Unconditional love is a tricky thing, even when it comes to family. Scratch that: especially when it comes to family. Anyone who thinks otherwise probably hasn’t got any self-involved, self-destructive train wrecks picking fights and clearing rooms at their latest gathering of kin. Miles from her Prada-wearing, romantic lead comfort zone, a superbly erratic Anne Hathaway plays Kim, fresh out of rehab, bulldozing her way into the wedding weekend of her harried older sister (Rosemarie DeWitt, passive-aggressive yin to the star’s bull-in-a-china-shop yang). Jonathon Demme, a Hollywood player making like a hungry auteur again, trains his shaky handheld camera on flared nostrils and furrowed brows, on filibustering toasts and kitchen meltdowns. For him, “story” is just a pretense to eavesdrop, to let his cast of richly embodied (and so believably related) characters relive their shared traumatic history one petty squabble at a time. The director’s boldest choice is essentially his last one, as the film all but abandons its assumed trajectory, forgoing climatic shouting matches and reconciliatory tears in favor of song and dance and endless, joyous celebration. It’s the Dogma 95 equivalent of a Vincente Minnelli showstopper: scarcely a dramatic resolution, but perfectly in tune with the emotional melodies of its damaged souls and the artistic rejuvenation of the music-loving maestro telling their tale.
7. A CHRISTMAS TALE (Arnaud Desplechin, France):
And here’s the other great family drama of 2008. Sprawling and wildly stylized where Demme’s film is compact and staunchly naturalistic, A Christmas Tale nevertheless shares a common thread with Rachel Getting Married: per both pictures, there’s no grudge knottier and more enduring than the one held between estranged blood relations. Course, sibling rivalry is just one of the many tensions rising and falling among Arnaud Desplechin’s busy band of bastards, fuck-ups, and casually callous conversationalists. It’s with a novelist’s command of history and time and detail that this French master traces the skewed branches and tangled roots of a weathered family tree. Each character he concocts—from Mathieu Almaric’s motor-mouthed, black sheep scoundrel to Catherine Deneuve’s graceful matriarch to Jean-Paul Roussillon’s bemused “old toad”—might have headlined their own narrative. Instead, Desplechin tosses them all into one jam-packed ensemble, letting vibrant personalities clash, back-stories intersect, and old scores go stubbornly unsettled. Even a last minute love triangle, rearing its head late into the film’s wily second hour, justifies its belated inclusion. As holiday feasts go, A Christmas Tale is without reproach—it leaves you completely stuffed and still wanting just a little bit more.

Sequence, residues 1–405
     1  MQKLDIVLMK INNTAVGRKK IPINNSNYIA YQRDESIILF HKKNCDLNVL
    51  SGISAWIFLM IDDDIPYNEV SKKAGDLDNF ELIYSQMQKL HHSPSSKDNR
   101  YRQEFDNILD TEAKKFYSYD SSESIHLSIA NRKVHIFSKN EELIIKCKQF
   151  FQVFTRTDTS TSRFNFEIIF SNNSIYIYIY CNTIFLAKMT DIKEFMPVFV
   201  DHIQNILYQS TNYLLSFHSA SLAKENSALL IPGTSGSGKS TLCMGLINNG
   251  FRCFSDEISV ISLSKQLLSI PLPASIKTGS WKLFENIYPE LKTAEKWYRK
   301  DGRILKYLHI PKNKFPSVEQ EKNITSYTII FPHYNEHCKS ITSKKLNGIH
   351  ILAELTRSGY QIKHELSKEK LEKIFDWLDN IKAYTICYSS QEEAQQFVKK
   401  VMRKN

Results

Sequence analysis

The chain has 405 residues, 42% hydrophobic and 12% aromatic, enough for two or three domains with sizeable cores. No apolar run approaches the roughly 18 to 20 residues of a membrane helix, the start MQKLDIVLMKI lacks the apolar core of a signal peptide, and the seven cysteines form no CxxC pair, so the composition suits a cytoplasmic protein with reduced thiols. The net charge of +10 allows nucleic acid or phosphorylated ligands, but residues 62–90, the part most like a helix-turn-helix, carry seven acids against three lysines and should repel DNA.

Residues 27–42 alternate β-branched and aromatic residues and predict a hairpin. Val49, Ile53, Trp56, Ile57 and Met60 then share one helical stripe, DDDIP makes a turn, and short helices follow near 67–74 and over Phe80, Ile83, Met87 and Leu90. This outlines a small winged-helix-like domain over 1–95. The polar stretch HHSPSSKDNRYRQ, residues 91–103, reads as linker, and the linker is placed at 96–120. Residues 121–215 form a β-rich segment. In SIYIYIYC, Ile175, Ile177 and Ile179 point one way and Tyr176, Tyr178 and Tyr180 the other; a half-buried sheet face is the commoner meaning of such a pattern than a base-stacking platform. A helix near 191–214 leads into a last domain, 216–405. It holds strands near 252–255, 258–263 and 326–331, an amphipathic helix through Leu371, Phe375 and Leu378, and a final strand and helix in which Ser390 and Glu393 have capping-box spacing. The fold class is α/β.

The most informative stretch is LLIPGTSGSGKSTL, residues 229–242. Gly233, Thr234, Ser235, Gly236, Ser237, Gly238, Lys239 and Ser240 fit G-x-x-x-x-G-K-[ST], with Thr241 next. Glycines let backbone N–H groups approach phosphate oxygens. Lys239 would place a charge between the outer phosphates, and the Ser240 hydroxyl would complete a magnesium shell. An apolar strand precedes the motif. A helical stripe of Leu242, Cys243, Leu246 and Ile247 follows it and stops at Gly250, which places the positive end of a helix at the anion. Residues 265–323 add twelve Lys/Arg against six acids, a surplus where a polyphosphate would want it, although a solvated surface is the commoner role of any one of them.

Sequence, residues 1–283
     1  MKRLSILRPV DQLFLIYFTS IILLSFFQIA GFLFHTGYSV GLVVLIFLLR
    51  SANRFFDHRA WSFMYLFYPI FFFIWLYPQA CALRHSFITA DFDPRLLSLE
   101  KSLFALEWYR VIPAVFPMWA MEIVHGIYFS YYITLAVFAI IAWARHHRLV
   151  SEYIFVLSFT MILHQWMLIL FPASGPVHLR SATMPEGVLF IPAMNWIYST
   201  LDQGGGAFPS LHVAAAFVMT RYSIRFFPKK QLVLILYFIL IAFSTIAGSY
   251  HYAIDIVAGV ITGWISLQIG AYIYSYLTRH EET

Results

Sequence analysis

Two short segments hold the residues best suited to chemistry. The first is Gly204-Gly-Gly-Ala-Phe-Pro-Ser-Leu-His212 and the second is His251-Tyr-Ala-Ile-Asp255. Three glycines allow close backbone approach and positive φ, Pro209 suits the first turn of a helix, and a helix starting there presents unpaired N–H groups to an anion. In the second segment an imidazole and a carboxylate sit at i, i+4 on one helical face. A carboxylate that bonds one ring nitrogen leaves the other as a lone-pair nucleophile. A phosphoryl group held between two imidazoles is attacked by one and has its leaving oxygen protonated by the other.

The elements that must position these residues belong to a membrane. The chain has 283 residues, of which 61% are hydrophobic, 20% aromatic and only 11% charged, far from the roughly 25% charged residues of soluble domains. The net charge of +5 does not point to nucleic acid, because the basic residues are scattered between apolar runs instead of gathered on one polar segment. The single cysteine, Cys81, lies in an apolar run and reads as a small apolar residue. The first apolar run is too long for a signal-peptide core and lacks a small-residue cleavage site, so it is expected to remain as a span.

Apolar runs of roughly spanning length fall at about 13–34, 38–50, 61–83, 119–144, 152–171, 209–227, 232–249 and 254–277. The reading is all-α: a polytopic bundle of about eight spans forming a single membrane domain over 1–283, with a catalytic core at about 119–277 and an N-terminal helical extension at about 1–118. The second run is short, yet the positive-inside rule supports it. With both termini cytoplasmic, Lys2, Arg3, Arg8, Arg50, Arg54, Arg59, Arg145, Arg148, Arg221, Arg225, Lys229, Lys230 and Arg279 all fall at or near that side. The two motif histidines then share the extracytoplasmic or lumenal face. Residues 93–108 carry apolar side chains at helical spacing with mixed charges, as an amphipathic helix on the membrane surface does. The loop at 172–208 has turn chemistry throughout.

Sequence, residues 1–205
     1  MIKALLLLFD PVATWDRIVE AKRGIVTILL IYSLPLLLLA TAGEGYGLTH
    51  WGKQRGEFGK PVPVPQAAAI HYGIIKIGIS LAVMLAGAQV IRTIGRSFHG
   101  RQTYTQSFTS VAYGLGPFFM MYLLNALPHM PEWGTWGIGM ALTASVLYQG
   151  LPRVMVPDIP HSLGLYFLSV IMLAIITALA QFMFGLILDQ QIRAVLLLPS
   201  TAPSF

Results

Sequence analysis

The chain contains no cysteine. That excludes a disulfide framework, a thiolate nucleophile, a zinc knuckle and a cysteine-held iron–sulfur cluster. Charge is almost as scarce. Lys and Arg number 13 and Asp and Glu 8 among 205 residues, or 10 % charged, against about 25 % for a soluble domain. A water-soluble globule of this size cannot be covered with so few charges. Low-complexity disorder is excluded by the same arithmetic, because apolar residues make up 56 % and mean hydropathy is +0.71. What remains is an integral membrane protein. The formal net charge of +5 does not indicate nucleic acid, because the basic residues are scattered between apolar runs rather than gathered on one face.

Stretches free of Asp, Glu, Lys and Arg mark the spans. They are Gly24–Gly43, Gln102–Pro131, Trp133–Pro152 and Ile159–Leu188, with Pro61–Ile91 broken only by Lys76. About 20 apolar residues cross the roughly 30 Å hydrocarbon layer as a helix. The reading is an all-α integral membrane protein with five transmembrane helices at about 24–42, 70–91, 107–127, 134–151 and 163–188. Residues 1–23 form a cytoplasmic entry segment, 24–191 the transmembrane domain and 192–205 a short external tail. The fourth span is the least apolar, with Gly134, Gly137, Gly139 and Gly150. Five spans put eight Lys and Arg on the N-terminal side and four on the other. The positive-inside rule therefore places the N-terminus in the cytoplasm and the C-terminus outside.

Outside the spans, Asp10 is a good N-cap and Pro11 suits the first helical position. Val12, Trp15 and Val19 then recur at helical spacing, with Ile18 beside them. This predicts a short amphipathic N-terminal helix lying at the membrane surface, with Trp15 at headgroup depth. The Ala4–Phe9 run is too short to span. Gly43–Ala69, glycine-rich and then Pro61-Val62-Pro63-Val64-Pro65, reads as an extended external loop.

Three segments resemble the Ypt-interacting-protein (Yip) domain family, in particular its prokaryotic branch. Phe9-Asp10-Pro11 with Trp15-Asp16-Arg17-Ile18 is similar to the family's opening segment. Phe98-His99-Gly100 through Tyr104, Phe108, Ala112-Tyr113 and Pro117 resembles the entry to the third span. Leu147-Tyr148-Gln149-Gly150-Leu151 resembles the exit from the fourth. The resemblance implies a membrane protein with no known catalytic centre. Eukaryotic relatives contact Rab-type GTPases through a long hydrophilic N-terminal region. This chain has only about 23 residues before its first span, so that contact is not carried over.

8. PARANOID PARK (Gus Van Sant, U.S.A.):